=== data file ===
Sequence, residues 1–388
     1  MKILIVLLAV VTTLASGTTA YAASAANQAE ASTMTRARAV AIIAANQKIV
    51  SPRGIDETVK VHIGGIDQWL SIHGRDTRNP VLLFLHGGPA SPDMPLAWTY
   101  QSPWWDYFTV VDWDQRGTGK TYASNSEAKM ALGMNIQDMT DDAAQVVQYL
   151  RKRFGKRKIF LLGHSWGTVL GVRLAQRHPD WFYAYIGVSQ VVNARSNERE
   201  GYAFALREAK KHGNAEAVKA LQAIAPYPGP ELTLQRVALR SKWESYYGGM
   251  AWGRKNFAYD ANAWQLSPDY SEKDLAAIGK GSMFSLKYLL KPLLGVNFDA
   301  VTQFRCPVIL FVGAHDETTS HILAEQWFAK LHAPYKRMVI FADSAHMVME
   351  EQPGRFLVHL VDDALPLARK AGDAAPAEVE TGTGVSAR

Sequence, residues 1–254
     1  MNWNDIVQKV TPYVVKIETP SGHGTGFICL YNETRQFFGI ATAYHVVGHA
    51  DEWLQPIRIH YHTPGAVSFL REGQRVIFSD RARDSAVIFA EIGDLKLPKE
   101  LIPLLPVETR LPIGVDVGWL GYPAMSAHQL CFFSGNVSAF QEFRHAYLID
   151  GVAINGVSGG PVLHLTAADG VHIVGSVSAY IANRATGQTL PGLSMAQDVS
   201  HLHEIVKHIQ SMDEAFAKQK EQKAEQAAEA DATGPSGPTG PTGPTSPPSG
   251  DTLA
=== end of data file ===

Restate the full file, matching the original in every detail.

Sequence, residues 1–388
     1  MKILIVLLAV VTTLASGTTA YAASAANQAE ASTMTRARAV AIIAANQKIV
    51  SPRGIDETVK VHIGGIDQWL SIHGRDTRNP VLLFLHGGPA SPDMPLAWTY
   101  QSPWWDYFTV VDWDQRGTGK TYASNSEAKM ALGMNIQDMT DDAAQVVQYL
   151  RKRFGKRKIF LLGHSWGTVL GVRLAQRHPD WFYAYIGVSQ VVNARSNERE
   201  GYAFALREAK KHGNAEAVKA LQAIAPYPGP ELTLQRVALR SKWESYYGGM
   251  AWGRKNFAYD ANAWQLSPDY SEKDLAAIGK GSMFSLKYLL KPLLGVNFDA
   301  VTQFRCPVIL FVGAHDETTS HILAEQWFAK LHAPYKRMVI FADSAHMVME
   351  EQPGRFLVHL VDDALPLARK AGDAAPAEVE TGTGVSAR

Sequence, residues 1–254
     1  MNWNDIVQKV TPYVVKIETP SGHGTGFICL YNETRQFFGI ATAYHVVGHA
    51  DEWLQPIRIH YHTPGAVSFL REGQRVIFSD RARDSAVIFA EIGDLKLPKE
   101  LIPLLPVETR LPIGVDVGWL GYPAMSAHQL CFFSGNVSAF QEFRHAYLID
   151  GVAINGVSGG PVLHLTAADG VHIVGSVSAY IANRATGQTL PGLSMAQDVS
   201  HLHEIVKHIQ SMDEAFAKQK EQKAEQAAEA DATGPSGPTG PTGPTSPPSG
   251  DTLA